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Asia: Stocks rise on yen weakness, tech share gains
[SYDNEY] Asian stocks advanced as technology shares continued a rebound and hawkish comments from a Federal Reserve official allayed concerns about the strength of the world's largest economy. The US dollar held gains as the yen weakened.
Japanese shares climbed to the highest since August 2015. Samsung Electronics Co led tech shares for a second day, after the Nasdaq 100 Index jumped the most since November.
Hong Kong equities erased an earlier advance ahead of MSCI Inc's decision on whether to include China's domestic equities in benchmark indexes. Treasuries fell Monday after Fed Bank of New York President William Dudley said halting the tightening cycle now would imperil the economy.
"We've seen some unimpressive economic data recently, but Dudley appears unperturbed by them, providing relief for market participants," said Toshihiko Matsuno, a senior strategist at SMBC Friend Securities Co in Tokyo.
Mr Dudley aligned himself with Chair Janet Yellen in declaring his expectation that a tight labour market will eventually trigger a rebound in inflation data that has been unexpectedly weak in recent months.
His comments were followed by remarks from Chicago Fed President Charles Evans, who said "the current environment supports very gradual rate hikes and slow preset reductions in our balance sheet".
Fed officials last week raised their benchmark interest rate for the third time in six months and pushed ahead on plans to begin reducing the central bank's US$4.5 trillion balance sheet later this year, despite growing concerns over stalling inflation.
Here are some of the key upcoming events:
Vice-Chair Stanley Fischer speaks Tuesday, with Fed officials making making appearances throughout the week.
MSCI announces whether it approved Chinese-listed stocks in its global benchmarks. The US$6.8 trillion onshore market is the world's second largest and accounts for 9 per cent of global stock value, but has been rejected for index inclusion three times by MSCI over issues including capital controls and long trading halts. MSCI's decision is expected Tuesday after the close of US markets.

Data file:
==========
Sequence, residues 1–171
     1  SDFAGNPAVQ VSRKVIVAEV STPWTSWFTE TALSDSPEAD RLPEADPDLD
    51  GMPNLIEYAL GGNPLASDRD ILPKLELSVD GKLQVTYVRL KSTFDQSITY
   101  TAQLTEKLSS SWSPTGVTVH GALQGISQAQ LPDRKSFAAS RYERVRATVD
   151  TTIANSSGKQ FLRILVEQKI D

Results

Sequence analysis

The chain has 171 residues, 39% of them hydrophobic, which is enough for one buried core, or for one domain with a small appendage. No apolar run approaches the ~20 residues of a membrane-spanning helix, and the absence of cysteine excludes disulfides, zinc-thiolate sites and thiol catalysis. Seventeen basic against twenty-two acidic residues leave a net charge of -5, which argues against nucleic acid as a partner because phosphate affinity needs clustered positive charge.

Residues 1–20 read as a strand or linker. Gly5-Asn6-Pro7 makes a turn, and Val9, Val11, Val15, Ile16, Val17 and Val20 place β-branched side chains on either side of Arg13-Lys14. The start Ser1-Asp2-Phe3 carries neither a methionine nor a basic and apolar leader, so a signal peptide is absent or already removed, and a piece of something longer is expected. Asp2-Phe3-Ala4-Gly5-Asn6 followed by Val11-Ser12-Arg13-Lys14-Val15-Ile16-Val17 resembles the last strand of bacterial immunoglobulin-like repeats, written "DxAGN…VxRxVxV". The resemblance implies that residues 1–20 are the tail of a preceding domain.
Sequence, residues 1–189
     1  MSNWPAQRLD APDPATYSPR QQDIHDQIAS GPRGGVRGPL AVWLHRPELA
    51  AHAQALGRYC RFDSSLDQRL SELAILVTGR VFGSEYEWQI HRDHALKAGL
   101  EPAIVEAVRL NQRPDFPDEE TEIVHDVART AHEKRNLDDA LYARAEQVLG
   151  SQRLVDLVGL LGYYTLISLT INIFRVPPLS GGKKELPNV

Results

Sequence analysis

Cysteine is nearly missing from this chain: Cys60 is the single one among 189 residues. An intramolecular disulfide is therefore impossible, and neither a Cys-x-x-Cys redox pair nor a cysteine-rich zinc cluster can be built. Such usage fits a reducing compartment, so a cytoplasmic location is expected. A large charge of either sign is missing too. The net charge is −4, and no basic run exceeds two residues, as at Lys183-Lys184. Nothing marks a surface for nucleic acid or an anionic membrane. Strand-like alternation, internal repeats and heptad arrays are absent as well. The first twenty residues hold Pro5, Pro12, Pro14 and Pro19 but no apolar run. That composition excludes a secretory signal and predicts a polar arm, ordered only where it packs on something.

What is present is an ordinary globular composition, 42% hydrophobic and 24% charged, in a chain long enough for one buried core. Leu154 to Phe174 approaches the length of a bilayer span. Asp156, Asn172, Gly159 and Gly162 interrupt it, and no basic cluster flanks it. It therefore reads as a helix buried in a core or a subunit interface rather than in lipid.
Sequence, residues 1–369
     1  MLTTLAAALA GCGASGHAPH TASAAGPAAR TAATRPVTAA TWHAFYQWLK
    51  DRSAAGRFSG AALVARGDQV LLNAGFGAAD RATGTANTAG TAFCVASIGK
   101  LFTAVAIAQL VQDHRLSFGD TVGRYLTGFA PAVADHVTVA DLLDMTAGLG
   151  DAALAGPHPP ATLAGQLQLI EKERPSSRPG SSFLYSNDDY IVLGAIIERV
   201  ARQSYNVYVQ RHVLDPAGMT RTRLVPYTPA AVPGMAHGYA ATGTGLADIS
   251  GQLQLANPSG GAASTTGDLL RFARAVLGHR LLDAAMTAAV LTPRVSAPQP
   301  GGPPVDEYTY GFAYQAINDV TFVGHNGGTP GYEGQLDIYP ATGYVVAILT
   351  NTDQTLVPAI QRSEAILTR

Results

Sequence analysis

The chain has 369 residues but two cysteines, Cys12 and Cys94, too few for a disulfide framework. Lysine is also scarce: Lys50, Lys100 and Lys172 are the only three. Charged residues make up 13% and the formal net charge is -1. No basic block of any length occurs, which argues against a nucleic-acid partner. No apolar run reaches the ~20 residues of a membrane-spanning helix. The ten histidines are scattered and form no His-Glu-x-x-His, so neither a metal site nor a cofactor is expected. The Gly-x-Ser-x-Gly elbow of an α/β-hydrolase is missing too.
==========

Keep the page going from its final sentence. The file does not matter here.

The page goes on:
Japan's Topix rose one per cent as of 1:11pm in Tokyo, gaining for a third day to the highest since August 2015.
Australia's S&P/ASX 200 Index slipped 0.4 per cent. The country's largest banks retreated following ratings downgrades from Moody's Investors Service.
South Korea's Kospi was little changed. Samsung rose 2.8 per cent, heading toward the biggest two-day increase since October.
Hong Kong's Hang Seng Index fell 0.1 per cent, reversing an earlier gain of 0.5 per cent, and the Shanghai Composite Index edged up less than 0.1 per cent.
Futures on the S&P 500 Index increased 0.1 per cent. The underlying gauge rose 0.8 per cent Monday as tech and health-care shares climbed. The Stoxx Europe 600 Index rose 0.9 per cent.
The yen slid 0.1 per cent to 111.68 per US dollar. The South Korean won dropped 0.4 per cent, and the Australian dollar lost less than 0.1 per cent.
The Bloomberg Dollar Spot Index was flat after advancing 0.4 per cent on Monday. The measure has been climbing after touching the lowest level since October last week.
The yield on 10-year Treasuries was little changed at 2.19 per cent, after rising four basis points Monday.
Australian 10-year yields increased two basis points to 2.42 per cent.
Oil was little changed at US$44.22 a barrel, after settling at the lowest level since November on Monday. Crude has fallen for four weeks straight as US drillers continue to add rigs, blunting Opec-led efforts to rebalance an oversupplied market. Gold rose 0.1 per cent to US$1,245.19 an ounce, after closing Monday at the lowest in more than a month.